2019 saw a significant jump in the number of forged prescriptions reported to ACP—specifically the number of forgeries involving Cotridin—compared to the previous three years.
Following the Standards of Practice for Pharmacists and Pharmacy Technicians can help pharmacy professionals ensure drugs are dispensed only to those with legitimate prescriptions.
Standard 6 states that each time a pharmacist or a pharmacy technician dispenses a Schedule 1 drug or blood product pursuant to a prescription
- the pharmacist must determine that the prescription is appropriate; and
- the pharmacist or the pharmacy technician must determine that the prescription is current, authentic, and complete.
Standard 6.6 states that before dispensing a prescription, a pharmacist or a pharmacy technician must determine the authenticity of the prescription by taking reasonable steps to
- identify the prescriber;
- determine whether the prescriber is legally authorized to prescribe the drug or blood product for which the prescription has been given; and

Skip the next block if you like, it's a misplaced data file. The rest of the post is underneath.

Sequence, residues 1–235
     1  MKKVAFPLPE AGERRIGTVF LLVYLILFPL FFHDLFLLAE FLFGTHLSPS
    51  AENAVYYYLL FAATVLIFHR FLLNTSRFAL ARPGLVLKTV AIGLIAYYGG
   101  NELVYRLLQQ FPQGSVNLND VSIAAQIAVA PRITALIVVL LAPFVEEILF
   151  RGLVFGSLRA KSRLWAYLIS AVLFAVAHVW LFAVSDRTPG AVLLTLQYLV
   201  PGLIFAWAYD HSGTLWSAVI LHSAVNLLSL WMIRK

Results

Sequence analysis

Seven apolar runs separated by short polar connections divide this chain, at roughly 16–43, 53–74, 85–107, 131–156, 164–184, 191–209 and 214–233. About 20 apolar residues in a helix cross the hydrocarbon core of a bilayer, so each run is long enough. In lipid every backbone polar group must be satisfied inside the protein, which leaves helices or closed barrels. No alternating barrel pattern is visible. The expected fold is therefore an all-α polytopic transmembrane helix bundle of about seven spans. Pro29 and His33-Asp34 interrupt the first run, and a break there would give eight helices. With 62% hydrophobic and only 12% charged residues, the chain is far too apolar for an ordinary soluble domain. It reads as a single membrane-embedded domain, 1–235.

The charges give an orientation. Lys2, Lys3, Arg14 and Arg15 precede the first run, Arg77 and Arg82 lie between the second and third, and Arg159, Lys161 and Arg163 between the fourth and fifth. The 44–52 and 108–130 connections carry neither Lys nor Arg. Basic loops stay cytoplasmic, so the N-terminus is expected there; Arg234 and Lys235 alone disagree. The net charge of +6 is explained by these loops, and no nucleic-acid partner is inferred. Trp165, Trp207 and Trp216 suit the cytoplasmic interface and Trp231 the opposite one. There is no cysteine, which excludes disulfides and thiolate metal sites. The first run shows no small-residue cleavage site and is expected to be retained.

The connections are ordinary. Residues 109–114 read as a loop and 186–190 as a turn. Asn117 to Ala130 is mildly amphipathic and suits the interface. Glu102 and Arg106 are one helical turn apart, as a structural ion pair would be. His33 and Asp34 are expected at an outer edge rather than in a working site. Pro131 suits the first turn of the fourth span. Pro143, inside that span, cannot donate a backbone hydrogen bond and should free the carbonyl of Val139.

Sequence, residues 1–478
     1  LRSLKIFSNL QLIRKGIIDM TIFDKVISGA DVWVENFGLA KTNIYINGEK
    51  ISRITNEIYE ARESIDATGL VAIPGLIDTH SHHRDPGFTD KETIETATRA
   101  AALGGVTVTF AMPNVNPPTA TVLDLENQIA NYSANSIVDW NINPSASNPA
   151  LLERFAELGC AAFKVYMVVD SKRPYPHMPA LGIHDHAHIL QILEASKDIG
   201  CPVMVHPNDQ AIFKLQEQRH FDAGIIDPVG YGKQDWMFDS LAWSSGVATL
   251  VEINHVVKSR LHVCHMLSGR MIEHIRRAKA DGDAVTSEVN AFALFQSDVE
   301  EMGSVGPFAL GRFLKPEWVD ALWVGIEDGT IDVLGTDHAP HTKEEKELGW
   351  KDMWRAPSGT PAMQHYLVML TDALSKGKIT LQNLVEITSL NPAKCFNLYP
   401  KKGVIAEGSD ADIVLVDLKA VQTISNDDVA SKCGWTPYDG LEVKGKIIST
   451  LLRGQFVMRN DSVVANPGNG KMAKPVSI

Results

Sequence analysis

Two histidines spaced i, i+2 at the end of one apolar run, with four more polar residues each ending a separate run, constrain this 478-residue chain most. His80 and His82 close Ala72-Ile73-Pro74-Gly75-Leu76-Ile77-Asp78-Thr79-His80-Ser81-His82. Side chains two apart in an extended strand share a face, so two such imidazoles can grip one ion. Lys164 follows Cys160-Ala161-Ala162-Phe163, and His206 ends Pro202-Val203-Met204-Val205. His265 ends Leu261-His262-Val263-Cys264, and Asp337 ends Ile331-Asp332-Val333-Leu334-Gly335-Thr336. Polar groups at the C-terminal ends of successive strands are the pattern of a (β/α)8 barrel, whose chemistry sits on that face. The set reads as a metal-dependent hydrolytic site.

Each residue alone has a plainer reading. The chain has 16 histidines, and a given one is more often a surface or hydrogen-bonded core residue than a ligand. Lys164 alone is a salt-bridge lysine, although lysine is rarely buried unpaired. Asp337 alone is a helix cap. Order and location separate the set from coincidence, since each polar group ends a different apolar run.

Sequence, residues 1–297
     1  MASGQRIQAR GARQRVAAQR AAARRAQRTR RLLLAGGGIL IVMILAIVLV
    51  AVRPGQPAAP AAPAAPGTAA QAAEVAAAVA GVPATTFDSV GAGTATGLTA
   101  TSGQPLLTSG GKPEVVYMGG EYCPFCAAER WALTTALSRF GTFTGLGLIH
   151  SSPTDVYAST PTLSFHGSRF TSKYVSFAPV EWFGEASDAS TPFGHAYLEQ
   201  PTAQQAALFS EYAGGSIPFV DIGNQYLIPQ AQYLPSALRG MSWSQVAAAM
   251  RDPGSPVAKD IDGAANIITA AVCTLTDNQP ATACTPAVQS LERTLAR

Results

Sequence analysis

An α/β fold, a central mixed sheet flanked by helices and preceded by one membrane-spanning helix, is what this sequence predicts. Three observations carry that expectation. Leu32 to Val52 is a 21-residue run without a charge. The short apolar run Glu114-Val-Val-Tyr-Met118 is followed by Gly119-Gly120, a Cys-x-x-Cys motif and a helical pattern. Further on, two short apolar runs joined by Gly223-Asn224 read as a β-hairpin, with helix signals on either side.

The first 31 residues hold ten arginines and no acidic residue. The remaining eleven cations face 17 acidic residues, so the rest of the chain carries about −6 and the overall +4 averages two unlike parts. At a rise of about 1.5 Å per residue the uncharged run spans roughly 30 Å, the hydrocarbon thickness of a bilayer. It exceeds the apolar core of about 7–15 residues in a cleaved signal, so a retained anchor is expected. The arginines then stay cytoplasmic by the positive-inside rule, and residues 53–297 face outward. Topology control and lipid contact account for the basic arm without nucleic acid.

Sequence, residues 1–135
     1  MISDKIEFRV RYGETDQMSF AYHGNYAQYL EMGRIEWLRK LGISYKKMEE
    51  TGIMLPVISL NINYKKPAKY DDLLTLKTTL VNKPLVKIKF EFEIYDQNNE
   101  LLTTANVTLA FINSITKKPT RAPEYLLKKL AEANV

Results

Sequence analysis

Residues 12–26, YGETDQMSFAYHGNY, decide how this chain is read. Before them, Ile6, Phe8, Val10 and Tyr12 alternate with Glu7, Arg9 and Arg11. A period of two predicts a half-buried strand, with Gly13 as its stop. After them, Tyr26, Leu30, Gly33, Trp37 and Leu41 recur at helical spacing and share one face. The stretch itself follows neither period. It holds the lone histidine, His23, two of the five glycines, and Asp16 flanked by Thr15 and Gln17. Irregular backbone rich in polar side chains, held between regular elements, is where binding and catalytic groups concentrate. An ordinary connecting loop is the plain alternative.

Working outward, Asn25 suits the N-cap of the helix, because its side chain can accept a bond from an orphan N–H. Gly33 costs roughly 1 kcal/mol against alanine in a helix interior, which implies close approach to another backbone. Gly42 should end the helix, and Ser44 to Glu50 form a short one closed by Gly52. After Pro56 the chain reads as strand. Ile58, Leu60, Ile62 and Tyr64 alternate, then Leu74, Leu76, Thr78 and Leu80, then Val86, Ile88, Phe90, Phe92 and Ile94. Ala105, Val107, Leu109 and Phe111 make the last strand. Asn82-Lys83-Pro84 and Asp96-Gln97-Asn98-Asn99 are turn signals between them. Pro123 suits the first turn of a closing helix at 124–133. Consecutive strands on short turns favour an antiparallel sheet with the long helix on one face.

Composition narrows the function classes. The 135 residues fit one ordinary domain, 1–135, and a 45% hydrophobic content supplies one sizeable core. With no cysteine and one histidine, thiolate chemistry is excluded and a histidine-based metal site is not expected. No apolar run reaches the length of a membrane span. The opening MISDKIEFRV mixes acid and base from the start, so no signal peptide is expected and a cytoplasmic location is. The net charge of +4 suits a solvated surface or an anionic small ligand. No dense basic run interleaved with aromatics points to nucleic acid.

- assess whether the prescription has been altered, forged, or stolen.
In many cases, pharmacy team members have been able to detect forgeries by noticing easily recognizable alterations, conflicting signatures, and abnormal formatting. Spelling mistakes, odd stories, patient demeanour, a prescription presented on behalf of another adult, and prescriptions presented late at night can also be red flags.
When in doubt, pharmacists should contact the prescriber to confirm the authenticity of a prescription.
If you do confirm a forgery, remember to report it to the police and to ACP via the Forgery Alerts webpage. Those reports are compiled in a downloadable list available on the ACP website. The reports provide the prescriber’s name, the pharmacy involved, details of the forged prescription, and a brief outline of how the pharmacy determined the prescription was forged. Also, make sure you are signed up for the weekly Forgery Alerts email which will help keep you in the loop on recent forgery activity.
If an individual received a drug as a result of a forged prescription, it must be reported as a theft to the Office of Controlled Substances no later than 10 working days after its discovery. To learn more, visit the Health Canada website.